That sentiment is more or less in line with Cobb’s view about the first season as a whole (he hadn’t seen the second at the time of our interview). “The original Luke Cage [in comics] came out under the blaxploitation era, and a lot of those movies lionized the outlaws — in an unjust society, the outlaw is a hero,” he says. “One of the things that was important about the show was it came out in the Black Lives Matter era. Look at what the implications of what that means. A black male character who’s bulletproof — that’s utilitarian. It’s not the same idle aspiration of, What if I had all the cool tech Tony Stark has, or arrows that do different things like with Hawkeye, or Thor with his hammer. Those characters speak to a very different sense of imagination. For black people, that imagination is connected to something like, Damn, I wish we were bulletproof.” Plus, he, like so many viewers, fell in love with Mahershala Ali’s sinister Cottonmouth: “I really thought that was one of the best villains I’d ever seen.”
So impressed was Cobb that he and Coker did a dialogue for The New Yorker in 2016. It was their first notable interaction, though they’d likely met before then. “We traveled in similar circles, though we didn’t know each other very well,” Cobb says. “His cousin was a classmate of mine in college, so we were one person removed for a long time.” Their quasi-relationship paid off while the second season was in production. “His people reached out to me and asked if I would be interested in doing that interview scene,” Cobb recalls.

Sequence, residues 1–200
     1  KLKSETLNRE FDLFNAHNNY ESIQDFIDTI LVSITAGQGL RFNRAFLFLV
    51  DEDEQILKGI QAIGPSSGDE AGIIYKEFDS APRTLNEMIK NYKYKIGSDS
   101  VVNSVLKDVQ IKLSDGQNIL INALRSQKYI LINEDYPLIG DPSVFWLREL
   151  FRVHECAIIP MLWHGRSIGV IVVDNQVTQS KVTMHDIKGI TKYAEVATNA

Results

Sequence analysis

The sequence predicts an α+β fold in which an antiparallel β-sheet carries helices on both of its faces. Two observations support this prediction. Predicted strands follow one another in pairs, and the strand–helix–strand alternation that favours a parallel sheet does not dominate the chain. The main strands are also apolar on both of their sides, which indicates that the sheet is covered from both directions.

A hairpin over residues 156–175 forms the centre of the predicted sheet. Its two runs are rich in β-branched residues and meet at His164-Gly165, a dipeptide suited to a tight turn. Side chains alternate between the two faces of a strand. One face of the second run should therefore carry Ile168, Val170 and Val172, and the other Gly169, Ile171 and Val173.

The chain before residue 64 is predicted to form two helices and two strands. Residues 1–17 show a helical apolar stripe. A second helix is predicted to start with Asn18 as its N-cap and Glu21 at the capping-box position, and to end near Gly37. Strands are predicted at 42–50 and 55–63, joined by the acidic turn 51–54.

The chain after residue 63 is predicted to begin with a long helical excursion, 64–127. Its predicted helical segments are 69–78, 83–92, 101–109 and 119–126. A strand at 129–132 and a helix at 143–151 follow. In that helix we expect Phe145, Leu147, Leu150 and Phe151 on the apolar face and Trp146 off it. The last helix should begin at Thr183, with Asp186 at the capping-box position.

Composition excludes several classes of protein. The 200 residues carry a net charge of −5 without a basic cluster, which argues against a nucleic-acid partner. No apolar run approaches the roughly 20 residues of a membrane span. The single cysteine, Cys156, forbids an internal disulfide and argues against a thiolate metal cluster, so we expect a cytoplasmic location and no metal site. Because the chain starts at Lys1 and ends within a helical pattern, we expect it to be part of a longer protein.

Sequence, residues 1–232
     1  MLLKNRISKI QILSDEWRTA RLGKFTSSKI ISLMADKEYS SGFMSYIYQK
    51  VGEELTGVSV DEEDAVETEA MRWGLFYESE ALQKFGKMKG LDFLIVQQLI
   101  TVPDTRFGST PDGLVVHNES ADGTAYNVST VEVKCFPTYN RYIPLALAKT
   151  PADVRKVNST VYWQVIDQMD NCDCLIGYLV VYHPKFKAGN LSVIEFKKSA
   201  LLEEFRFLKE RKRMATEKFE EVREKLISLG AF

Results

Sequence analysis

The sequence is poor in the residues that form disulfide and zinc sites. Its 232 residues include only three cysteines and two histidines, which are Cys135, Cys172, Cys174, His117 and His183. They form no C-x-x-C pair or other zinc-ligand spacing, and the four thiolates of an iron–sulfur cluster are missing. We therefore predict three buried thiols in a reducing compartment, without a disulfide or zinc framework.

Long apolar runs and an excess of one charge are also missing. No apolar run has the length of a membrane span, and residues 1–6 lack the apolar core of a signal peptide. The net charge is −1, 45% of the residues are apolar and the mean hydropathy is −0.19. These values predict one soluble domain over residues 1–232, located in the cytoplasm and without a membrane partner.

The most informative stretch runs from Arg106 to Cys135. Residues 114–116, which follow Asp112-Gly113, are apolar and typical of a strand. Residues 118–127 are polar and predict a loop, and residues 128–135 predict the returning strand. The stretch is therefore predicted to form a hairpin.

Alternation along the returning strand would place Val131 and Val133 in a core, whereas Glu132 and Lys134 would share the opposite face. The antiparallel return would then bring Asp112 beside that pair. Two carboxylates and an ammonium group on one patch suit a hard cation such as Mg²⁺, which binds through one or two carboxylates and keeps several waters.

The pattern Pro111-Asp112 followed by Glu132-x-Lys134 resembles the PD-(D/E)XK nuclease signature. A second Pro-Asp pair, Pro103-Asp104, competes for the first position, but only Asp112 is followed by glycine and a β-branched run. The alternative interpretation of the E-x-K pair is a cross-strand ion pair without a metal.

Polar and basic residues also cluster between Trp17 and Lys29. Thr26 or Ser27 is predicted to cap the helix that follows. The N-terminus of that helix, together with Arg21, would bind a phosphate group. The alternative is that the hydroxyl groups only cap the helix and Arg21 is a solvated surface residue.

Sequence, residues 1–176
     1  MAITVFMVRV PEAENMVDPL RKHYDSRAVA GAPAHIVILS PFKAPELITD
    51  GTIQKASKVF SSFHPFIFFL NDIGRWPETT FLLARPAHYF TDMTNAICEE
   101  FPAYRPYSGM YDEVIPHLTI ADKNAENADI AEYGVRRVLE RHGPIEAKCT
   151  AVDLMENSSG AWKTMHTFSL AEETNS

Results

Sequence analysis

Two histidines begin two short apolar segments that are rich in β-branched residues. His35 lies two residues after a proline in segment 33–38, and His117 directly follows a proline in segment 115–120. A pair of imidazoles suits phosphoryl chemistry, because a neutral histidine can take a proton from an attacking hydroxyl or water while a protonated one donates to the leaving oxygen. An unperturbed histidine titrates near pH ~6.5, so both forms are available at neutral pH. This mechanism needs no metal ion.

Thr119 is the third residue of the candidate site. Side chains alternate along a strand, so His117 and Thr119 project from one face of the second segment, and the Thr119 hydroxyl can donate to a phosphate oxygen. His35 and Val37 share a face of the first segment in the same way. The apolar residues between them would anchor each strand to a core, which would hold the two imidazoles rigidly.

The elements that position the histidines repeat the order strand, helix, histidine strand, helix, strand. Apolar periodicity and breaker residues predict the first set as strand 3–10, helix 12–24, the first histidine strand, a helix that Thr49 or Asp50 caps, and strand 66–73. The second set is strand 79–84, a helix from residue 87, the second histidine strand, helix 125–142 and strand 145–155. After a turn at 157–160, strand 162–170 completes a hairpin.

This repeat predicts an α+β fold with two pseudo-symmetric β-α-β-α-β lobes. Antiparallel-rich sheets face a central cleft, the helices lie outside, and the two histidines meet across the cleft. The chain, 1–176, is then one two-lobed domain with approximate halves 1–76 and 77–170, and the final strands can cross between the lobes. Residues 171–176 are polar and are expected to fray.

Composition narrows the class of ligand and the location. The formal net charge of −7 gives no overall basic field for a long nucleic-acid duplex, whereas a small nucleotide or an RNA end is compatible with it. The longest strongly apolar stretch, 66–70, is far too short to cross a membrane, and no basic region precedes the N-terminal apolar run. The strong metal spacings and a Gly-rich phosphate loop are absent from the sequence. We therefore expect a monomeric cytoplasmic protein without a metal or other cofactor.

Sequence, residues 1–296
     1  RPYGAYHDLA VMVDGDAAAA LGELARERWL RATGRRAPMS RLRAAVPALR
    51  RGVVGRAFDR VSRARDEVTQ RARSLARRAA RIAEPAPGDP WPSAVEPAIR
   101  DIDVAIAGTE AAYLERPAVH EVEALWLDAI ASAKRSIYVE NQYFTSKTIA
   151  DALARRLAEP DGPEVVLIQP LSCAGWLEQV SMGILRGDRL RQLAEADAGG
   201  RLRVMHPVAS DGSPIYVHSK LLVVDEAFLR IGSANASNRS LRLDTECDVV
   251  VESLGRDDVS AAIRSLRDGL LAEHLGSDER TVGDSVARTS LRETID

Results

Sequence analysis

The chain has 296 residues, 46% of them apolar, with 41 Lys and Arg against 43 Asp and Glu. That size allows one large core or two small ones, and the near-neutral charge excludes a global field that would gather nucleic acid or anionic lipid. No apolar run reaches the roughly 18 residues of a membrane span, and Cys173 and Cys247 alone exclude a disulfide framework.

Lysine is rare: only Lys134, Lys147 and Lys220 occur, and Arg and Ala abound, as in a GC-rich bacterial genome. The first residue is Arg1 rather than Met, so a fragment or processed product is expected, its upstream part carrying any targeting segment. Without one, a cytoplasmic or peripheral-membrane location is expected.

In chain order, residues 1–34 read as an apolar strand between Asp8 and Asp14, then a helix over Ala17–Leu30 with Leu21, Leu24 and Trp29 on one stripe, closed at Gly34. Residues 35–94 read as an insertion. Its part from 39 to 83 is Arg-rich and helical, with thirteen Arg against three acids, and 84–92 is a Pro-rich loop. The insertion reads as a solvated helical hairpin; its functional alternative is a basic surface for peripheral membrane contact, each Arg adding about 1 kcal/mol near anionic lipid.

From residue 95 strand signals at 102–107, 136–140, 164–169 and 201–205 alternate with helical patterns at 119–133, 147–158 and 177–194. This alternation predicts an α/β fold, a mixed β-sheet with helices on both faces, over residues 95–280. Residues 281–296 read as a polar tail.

Despite the fact that he’d already made his acting debut by appearing as himself on Queen Sugar, Cobb had trepidation about this opportunity. “I went back and forth on it,” he says. “I really like the show and thought it’d be a fun thing to do, but I also think that sometimes it’s important for journalists to keep a separate line from what they’re actually doing versus the imaginary stuff that they’re doing, especially in the era of fake news. But I talked with some of the people I respect in the field and asked what they thought of it, and they said they didn’t think it was a terrible thing to do, so I went ahead and did it.”
Marvel is notoriously secretive, so once Cobb said yes, he only received a micro-script featuring his scene and a little bit of the one before it. He went to the show’s soundstage in his native Queens, was there for about three hours, and that was it. Due to that Marvel confidentiality, he then had the challenge of staying mum about his cameo. “My strategy was just to make myself forget,” he says. “So I did it, and then pushed it out of my mind so it wasn’t something there for me to even talk about. It was just, Okay, I guess I’ve done this cameo. I was super self-conscious.”
So how does Cobb feel about his fictional doppelgänger living alongside Captain America, Iron Man, and his beloved Vision? When asked about becoming canon, he responds with a massive belly laugh. “It’s a short step from being a cameo giving commentary to being the professor who is struck by some bolt of lightning and gains superpowers,” he says. “So I’m waiting for that to happen.”